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left. i don't think they have enthusiasm. they're just fighting with each other. we have all of the enthusiasm. >> that was the president last night. the only other key takeaway here, chris, that i would emphasize the white house said their issue is not with immigration but illegal immigration. again last night the president targeted ilhan omar a naturalized american citizen who came here the right way fleeing a war torn somali country when she was a child refugee. >> thank you very much for that. we've got to dig into this. my guest served as assistant to the president and white house cabinet secretary under president obama and is a senior fellow at the university of virginia's miller center. so you're an asian american, son of chinese immigrants. we know about the hostility toward undocumented immigrants, but we cannot forget, i want to
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reiterate what peter just said, this was directed and is directed at people who are american citizens, who just happen to look different than most of trump's base. >> yeah. this is disgusting. there is no other way to put it. as an asian american who has spent his career in public service i certainly heard, myself, people say, go back to your country. i was born in this country. i have served this country, my family has served this country. and to have a president who would condone this kind of behavior and actually see it as a political strategy is nothing more -- nothing you can say other than the fact that this is disgusting. what is important to understand is this kind of conduct is not tolerated in any other setting. if you try to do this in your work place you would be fired. if your child did this in his school he would be sent home. so we're long past the point of this president being a role model but to try to use racism as a political strategy is just -- we've now gone to a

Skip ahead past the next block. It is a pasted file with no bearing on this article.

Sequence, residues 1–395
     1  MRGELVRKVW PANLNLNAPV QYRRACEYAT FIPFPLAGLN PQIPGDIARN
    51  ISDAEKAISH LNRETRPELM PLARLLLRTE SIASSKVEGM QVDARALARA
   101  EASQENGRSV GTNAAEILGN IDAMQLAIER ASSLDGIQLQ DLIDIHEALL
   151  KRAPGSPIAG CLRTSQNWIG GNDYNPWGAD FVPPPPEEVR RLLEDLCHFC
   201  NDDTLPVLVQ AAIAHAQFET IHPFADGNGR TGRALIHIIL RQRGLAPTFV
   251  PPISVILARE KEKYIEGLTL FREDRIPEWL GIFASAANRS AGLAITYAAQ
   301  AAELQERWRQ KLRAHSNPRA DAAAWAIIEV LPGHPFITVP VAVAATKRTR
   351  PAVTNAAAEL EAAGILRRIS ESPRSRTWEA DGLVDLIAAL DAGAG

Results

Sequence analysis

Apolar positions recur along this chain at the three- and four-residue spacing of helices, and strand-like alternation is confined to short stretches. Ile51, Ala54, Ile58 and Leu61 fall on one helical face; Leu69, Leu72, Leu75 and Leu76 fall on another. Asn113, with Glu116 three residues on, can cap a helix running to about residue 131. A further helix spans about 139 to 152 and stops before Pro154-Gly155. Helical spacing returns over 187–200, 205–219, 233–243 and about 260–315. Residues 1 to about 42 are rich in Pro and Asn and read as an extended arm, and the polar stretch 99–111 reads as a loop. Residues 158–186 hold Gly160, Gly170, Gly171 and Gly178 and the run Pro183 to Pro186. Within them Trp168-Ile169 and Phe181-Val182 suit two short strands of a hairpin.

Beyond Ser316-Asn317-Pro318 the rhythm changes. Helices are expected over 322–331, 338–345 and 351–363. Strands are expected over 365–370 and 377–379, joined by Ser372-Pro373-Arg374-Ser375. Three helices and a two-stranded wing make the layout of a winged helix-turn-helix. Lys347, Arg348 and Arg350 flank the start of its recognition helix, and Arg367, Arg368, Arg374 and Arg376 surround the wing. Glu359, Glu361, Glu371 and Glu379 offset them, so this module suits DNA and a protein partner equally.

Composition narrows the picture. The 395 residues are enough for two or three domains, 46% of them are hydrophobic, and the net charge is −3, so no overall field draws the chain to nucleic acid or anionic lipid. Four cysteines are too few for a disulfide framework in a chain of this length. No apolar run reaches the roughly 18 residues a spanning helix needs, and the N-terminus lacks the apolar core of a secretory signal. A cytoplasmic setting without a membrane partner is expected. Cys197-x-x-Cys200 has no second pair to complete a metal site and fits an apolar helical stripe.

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brand new level, brand new low in this country. >> susan, breitbart's front page shows where sort of this is all going, the headline is "dragon energy returns." explain that. >> scorched earth politics. this is despicable. what scares me even more and i agree with everything that has been said, this is racist, bigoted, unacceptable behavior. what scares me is when then candidate trump came up with the muslim ban there was at least some outrage from republicans. after charlottesville, there was still some outrage from republicans. today i hear crickets from elected officials. >> we just heard from mitch mcconnell, the leader, besides donald trump the leader on capitol hill of the republican party. he tried to suggest that the rhetorical problem is with the democrats, not with the president. let me play what he just said. >> you may not know this, your viewers may not know this, but i